The Dow Jones Industrial Average has> once again topped 12,000 -- a level not seen since the summer of 2008, when the deepening financial crisis was on the verge of bringing the bull market to its knees. And while crossing that threshold may do little to change the unemployment rate or boost the housing market, stock analysts say it can provide investors with a much-needed psychological boost.
For better or for worse, market watchers say, investors do chase performance. A continued rally above 12,000 could draw even more of those skittish investors off the sidelines and back into the stock market.
There are good reasons to be bullish. First, investors seeking higher returns in today's low-rate environment are likely to continue pumping money into stocks, analysts say. "Investors are more willing to take risk now than they were and that's good for equities," says Tony Crescenzi, market strategist for Pimco. The Dow gained 11% last year, while the yield on a 10-year Treasury note fluctuated between 2.5% and 4%. Investors began taking note late last year, funneling more money into equity funds in November, after six straight months of negative flows, according to the Investment Company Institute.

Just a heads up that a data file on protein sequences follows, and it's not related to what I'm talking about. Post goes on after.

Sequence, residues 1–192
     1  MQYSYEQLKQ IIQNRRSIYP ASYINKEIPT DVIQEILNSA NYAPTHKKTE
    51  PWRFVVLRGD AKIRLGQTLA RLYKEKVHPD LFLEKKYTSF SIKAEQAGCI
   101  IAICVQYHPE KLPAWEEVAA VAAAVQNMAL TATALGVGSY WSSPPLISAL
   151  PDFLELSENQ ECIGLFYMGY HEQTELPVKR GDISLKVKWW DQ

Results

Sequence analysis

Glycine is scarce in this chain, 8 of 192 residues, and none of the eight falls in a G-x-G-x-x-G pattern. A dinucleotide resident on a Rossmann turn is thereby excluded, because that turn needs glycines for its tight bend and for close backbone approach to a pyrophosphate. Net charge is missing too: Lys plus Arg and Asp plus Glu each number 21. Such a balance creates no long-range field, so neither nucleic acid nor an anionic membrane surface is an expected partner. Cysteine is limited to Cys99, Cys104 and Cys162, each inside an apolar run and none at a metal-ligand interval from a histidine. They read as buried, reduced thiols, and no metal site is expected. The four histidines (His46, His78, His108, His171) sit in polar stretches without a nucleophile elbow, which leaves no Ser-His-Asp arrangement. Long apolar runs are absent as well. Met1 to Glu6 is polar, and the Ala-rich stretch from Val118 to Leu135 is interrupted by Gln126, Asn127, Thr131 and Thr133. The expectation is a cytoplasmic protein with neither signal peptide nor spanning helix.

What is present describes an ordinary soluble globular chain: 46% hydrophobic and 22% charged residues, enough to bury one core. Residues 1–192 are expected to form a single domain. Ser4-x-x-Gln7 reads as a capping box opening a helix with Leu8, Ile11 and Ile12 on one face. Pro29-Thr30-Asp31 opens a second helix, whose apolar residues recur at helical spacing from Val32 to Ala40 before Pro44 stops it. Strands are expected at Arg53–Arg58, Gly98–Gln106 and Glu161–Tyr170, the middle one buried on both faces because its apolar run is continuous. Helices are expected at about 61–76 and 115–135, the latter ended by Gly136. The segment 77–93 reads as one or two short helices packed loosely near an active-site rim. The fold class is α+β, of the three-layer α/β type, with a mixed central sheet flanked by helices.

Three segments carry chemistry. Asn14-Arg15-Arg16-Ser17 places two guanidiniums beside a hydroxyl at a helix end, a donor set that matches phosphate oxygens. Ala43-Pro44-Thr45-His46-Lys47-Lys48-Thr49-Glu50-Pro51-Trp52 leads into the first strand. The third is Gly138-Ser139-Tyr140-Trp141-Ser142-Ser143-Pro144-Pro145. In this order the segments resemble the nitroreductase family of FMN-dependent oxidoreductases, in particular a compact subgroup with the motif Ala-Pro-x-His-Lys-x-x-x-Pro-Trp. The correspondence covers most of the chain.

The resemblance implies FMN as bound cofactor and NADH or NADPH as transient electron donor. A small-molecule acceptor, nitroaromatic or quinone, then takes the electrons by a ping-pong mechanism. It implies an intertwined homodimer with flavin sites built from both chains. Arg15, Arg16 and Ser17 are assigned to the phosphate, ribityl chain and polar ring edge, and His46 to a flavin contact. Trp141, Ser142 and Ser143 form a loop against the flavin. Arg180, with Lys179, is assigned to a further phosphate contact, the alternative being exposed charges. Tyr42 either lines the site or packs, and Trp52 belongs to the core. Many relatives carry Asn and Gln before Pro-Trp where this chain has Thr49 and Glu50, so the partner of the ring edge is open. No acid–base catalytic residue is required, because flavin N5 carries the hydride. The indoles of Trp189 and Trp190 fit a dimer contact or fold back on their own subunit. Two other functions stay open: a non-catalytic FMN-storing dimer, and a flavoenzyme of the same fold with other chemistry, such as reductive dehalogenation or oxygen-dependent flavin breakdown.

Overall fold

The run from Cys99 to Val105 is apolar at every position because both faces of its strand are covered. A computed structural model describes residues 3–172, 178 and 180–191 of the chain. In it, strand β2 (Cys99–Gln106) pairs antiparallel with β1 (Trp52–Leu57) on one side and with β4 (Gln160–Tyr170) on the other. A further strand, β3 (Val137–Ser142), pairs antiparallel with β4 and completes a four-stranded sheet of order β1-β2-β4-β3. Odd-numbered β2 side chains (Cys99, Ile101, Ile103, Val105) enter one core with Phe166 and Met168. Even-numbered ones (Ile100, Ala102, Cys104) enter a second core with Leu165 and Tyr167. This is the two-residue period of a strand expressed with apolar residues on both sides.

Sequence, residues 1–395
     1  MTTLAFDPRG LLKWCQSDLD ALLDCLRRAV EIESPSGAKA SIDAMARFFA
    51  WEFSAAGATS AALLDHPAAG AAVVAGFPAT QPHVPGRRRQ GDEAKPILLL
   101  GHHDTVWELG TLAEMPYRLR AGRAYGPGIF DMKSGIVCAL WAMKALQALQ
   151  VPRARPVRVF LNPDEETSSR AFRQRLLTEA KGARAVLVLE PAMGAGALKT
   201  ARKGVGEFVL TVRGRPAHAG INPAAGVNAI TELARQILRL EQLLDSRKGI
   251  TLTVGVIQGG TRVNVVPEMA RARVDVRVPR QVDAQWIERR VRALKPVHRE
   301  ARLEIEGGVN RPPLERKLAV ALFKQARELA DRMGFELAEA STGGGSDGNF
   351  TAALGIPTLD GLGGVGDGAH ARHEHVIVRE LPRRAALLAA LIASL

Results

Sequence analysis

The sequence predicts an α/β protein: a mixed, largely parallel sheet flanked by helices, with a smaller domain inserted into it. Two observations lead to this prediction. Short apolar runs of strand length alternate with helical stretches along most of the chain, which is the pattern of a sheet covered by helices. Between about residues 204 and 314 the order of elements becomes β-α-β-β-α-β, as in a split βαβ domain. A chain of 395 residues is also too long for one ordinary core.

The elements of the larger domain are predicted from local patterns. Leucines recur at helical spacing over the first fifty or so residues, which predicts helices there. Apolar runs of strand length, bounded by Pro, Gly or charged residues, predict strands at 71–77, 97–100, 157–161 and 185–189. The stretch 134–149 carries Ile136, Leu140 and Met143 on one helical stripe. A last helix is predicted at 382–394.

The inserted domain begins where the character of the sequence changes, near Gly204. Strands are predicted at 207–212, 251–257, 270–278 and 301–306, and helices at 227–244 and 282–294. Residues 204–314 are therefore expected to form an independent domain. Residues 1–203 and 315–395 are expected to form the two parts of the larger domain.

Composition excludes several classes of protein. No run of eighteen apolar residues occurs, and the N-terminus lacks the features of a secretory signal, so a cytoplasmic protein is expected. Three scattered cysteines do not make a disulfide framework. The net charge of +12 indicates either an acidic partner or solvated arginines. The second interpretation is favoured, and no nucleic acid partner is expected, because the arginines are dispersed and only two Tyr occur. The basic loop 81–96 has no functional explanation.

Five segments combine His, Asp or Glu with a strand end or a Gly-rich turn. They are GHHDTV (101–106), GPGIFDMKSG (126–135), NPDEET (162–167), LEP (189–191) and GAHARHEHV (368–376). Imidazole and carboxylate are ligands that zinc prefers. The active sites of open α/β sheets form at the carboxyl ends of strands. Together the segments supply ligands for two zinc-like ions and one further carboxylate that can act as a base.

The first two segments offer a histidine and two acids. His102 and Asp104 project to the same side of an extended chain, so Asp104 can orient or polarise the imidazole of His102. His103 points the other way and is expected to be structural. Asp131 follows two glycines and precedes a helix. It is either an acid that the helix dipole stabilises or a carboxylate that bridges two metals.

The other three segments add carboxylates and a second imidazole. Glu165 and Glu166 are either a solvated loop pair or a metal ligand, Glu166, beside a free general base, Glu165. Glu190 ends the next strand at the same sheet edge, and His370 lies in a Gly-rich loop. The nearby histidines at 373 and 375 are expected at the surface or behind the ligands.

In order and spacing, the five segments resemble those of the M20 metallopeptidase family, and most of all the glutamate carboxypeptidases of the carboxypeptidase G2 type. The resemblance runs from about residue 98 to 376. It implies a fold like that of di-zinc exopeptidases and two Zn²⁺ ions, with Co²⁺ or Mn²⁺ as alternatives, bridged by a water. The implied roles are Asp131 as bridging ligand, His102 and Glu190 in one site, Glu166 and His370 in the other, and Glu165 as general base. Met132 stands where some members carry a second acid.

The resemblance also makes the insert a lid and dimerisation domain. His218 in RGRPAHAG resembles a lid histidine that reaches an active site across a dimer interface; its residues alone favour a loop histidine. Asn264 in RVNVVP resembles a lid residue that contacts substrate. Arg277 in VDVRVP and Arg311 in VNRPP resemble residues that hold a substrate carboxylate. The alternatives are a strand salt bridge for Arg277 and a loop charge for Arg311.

And investors who are returning to the market are doing so slowly and are sticking with big names a lift for large companies in the Dow, says Eric Marshall, director of research at the Hodges Fund. They're also looking for strong corporate profits, and analysts say this earnings season, which started this month, will continue to highlight just how far many blue-chips have come since the market collapse by cutting debt and building up their cash reserves.
Another reason to believe this rally has legs: The third year of a president's term has historically been good for stocks, says Sam Stovall, chief investment strategist of Standard & Poor's Equity Research. Since World War II, the S&P 500 has gained an average 17% on the third year of a U.S. presidency, compared to an average 8.5% gain for all years, says Stovall. The first quarters of those years are particularly strong, with the stock market rising nearly 90% of the time.
Of course, the market still has plenty of challenges. A rise in interest rates or inflation could make stocks less appealing and lead to quick selloff, says Stovall. And the high unemployment rate which has topped 9% for 20 consecutive months through December remains a serious threat to the market upswing. "We are clearly in recovery mode -- all is not well in the economy," says Stovall.